What’s better than free fiction? Free fiction that’s considered some of the best published in the past year. Here’s a rundown of the Hugo-nominated short stories, novellas, novelettes, and even a novel that’re legally available for free reading.
Cryoburn by Lois McMaster Bujold — Download via Baen Books
Best Short Story
“Amaryllis” by Carrie Vaughn — Read on Lightspeed
“For Want of a Nail” by Mary Robinette Kowal — Read on Robinette’s website
“Ponies” by Kij Johnson — Read on Tor.com
“The Things” by Peter Watts — Read on Clarkesworld
“Eight Miles” by Sean McMullen — Read on McMullen’s website
“The Jaguar House, in Shadow” by Aliette de Bodard — Read on de Bodard’s website
“Plus or Minus” by James Patrick Kelly — Read on Kelly’s website
“That Leviathan, Whom Thou Hast Made” by Eric James Stone — Read on Stone’s website
“The Lady Who Plucked Red Flowers beneath the Queen’s Window” by Rachel Swirsky — Read on Subterranean Press
The Lifecycle of Software Objects by Ted Chiang — Read on Subterranean Press
“The Sultan of the Clouds” by Geoffrey A. Landis — Download a PDF from Asimov’s
That should keep you busy for a while, huh? Enjoy!
Night had come to the city of Skalandarharia, the sort of night with such a quality of black to it that it was as if black coal had been wrapped in blackest velvet, bathed in the purple-black ink of the demon squid Drindel and flung down a black well that descended toward the deepest, blackest crevasses of Drindelthengen, the netherworld ruled by Drindel, in which the sinful were punished, the black of which was so legendarily black that when the dreaded Drindelthengenflagen, the ravenous blind black badger trolls of Drindelthengen, would feast upon the uselessly dilated eyes of damned, the abandoned would cry out in joy as the Drindelthengenflagenmorden, the feared Black Spoons of the Drindelthengenflagen, pressed against their optic nerves, giving them one last sensation of light before the most absolute blackness fell upon them, made yet even blacker by the injury sustained from a falling lump of ink-bathed, velvet-wrapped coal.
I’ll be honest. As much as I’ve always enjoyed Scalzi’s Science Fiction novels, I have also yearned for the day when he’d finally make a leap into the more viable, much more enjoyable realm of Fantasy. Inspired by many of the most prominent self-published novels of the past several years, The Shadow War of the Night Dragon: Book One: The Dead City finally looks to be that leap towards respectability that Scalzi’s always needed.
As for the cover itself: at first I was worried that that the typography was a little over the top—I mean, it’s huge, lime green and longer than healthy, but the more I look at the cover, the more I think it just… works. It’s certainly something that would catch a readers eye at the bookstore, and that’s the true purpose of cover art. What I appreciate most, however, is that the artist, the lovely John Stanko, hasn’t gone out of his way to emulate/trace/photograph a bunch of J-Crew models, but, instead went down to his local pub, rounded up some of the fellows sitting long-faced over their beers and used them as inspiration. It gives the novel a more genuine feel and makes me believe they could take on that scary Dragon lurking in the shadows of the background.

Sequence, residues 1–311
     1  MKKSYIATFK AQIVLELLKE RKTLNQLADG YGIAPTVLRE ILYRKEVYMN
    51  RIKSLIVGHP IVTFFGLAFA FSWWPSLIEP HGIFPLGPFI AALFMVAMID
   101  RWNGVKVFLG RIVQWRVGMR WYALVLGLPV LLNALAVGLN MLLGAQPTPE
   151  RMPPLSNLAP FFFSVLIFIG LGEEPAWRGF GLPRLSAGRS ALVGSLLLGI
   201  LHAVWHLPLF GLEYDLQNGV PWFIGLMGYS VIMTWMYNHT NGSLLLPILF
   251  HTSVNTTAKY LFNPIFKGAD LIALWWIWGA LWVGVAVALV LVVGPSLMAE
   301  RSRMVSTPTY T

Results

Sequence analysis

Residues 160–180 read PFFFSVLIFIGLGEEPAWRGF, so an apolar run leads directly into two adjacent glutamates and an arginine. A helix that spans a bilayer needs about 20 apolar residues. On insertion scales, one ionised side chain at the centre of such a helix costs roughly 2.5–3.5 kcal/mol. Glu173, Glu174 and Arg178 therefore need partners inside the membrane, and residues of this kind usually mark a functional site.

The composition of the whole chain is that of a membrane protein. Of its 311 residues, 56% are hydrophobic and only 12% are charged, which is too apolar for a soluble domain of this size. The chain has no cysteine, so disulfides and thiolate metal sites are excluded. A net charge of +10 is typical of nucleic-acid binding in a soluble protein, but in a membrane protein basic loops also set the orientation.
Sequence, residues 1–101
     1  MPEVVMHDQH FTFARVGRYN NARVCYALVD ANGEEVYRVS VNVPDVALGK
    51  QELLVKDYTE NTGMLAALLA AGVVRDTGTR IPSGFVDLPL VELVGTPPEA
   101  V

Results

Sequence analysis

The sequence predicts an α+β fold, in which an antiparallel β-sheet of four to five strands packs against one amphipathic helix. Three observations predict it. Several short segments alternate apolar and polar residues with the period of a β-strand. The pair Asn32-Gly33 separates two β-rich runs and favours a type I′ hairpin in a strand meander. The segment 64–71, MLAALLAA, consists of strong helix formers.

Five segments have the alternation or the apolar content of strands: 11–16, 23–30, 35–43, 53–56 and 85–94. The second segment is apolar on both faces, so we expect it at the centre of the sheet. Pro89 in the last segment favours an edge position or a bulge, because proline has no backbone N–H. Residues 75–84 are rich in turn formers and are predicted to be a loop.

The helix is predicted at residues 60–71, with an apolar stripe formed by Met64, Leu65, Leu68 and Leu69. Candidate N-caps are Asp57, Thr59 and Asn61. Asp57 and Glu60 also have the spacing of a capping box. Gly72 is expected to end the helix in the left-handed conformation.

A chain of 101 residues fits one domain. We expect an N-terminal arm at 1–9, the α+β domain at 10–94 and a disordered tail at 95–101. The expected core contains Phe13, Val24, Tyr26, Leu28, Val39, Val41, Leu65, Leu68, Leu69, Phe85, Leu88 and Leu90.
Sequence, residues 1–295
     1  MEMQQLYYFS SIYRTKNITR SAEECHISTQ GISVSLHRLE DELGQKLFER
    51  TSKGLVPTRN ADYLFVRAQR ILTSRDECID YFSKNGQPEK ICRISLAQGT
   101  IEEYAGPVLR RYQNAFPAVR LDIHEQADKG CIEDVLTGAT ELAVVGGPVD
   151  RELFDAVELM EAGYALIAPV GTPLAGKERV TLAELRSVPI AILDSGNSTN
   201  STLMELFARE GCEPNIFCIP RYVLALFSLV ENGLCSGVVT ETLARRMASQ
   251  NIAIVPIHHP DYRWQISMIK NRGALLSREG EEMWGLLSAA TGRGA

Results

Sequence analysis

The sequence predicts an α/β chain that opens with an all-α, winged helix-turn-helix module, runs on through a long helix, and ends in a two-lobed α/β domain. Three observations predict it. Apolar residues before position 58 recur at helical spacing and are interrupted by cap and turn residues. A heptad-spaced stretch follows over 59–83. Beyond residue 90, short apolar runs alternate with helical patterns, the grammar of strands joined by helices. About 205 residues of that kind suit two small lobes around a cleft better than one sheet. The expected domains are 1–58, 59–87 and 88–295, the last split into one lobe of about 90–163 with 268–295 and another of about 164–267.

If you’re as curious about The Shadow War of the Night Dragon: Book One: The Dead City as I am, Tor.com has an early excerpt out. Review copies are expected within the next week or so, so keep an eye out for an early review later this month! Now, to go brush up on my Cthulhu-language so I can pronounce some of those names…
Sam Sykes is a good Internet friend of mine. Why? Because he’d crotch-stomp me if I said any differently. He’s also a bloody good interview, achingly funny and of similar age to myself. It’s like we’re destined to be buddies.
You’ll notice, perhaps, that I’ve not said anything about his books. Easily explainable. You see… I haven’t read them. Derp. What a friend I am, huh? Still, doesn’t mean I can’t get excited about the release of his second novel, Black Halo (or move his first novel, Tome of the Undergates even closer to the top of my TBR pile…). Luckily the good folks at Tor.com have Sam’s fans better covered than I do.
Dawn had never been so quiet in the country.
Amid the sparse oases in the desert, noise had thrived where all other sound had died. Dawn came with songbirds, beds creaking as people rousted themselves for labor, bread and water sloshed down as meager breakfast. In the country, the sun came with life.
In the city, life ended with the sun.
Anacha stared from her balcony over Cier’Djaal as the sun rose over its rooftops and peeked through its towers to shine on the sand-covered streets below. The city, in response, seemed to draw tighter in on itself, folding its shadows like a blanket as it rolled over and told the sun to let it sleep for a few more moments.